SparkJava: Getting Started

A more clear tutorial

Preliminaries: you need Java 1.8 and Maven

To get started with SparkJava, you should have, at a minimum, the following in your computing environment:

Here’s an example of sane output for a suitable computing environment (this happens to be from during September 2016 :

-bash-4.3$ java -version
openjdk version "1.8.0_91"
OpenJDK Runtime Environment (build 1.8.0_91-b14)
OpenJDK 64-Bit Server VM (build 25.91-b14, mixed mode)
-bash-4.3$ mvn -version
Apache Maven 3.2.5 (NON-CANONICAL_2015-04-01T06:42:27_mockbuild; 2015-03-31T23:42:27-07:00)
Maven home: /usr/share/maven
Java version: 1.8.0_91, vendor: Oracle Corporation
Java home: /usr/lib/jvm/java-1.8.0-openjdk-
Default locale: en_US, platform encoding: UTF-8
OS name: "linux", version: "4.4.14-200.fc22.x86_64", arch: "amd64", family: "unix"

Here’s output where Java works, but Maven doesn’t:

Phills-MacBook-Pro:~ pconrad$ java -version
java version "1.8.0_31"
Java(TM) SE Runtime Environment (build 1.8.0_31-b13)
Java HotSpot(TM) 64-Bit Server VM (build 25.31-b07, mixed mode)
Phills-MacBook-Pro:~ pconrad$ mvn -version
-bash: mvn: command not found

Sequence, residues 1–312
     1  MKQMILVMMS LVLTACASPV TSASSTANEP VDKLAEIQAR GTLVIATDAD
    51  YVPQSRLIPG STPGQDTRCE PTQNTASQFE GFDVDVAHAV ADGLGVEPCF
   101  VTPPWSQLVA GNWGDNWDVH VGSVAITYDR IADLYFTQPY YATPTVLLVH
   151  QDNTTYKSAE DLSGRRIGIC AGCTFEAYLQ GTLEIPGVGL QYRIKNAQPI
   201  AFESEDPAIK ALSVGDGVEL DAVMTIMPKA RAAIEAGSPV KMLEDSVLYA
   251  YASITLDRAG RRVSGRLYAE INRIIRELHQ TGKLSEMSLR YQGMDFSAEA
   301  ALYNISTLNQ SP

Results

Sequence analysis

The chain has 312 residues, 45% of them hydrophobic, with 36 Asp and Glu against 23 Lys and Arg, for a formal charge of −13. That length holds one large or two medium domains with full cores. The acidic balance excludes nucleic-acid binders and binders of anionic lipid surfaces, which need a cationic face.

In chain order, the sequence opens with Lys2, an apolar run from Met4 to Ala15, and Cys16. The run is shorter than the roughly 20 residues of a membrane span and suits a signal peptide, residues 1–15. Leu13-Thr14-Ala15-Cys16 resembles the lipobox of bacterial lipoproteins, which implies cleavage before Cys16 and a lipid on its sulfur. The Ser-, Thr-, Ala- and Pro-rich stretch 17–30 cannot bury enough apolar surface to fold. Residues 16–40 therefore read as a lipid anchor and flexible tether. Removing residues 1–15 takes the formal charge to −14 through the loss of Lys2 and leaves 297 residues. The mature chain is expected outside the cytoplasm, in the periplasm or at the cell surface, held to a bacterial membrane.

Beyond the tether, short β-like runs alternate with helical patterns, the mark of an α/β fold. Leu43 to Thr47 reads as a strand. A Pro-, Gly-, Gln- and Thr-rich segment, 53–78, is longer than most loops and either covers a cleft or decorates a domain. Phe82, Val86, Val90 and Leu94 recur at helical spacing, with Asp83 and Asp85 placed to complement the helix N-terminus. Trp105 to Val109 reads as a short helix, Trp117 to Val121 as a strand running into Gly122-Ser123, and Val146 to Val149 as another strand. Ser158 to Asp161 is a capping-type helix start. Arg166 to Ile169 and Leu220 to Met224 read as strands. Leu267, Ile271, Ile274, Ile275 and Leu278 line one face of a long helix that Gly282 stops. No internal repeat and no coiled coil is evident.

Phills-MacBook-Pro:~ pconrad$ 

Since Maven is pure Java software, installing is as simple as downloading the distribution, and then making sure the appropriate bin directory is in your path. We’ll defer the details of that process for now, and leave it as an exercise to the student to figure it out—or just use a platform where it is already installed (such as CSIL.)

The short version

  1. Clone the code in this github repo:
  2. Read the and do what it says to do.
  3. Enjoy a SparkJava HelloWorld.

If you just want to get something working quickly with SparkJava, this short version is the way to go. You won’t understand as much of the Maven Magic that’s making everything work, and if it breaks you won’t know how to fix it. But you’ll be up and running quickly.

If instead, you need to understand, then the long version takes you through building everything up from scratch.

The long version

This version indicates how the code in that other github repo came to be, a little bit at a time.

We start with Maven

Like it or not, you can’t really do SparkJava without using Maven, or one of the alternatives to Maven such as Gradle, Ivy, or SBT. Plain old Ant isn’t going to cut it. Sorry. So let’s just dig in.

Maven is a build manager similar to the make utility used with C/C++, or the ant utility commonly used with Java.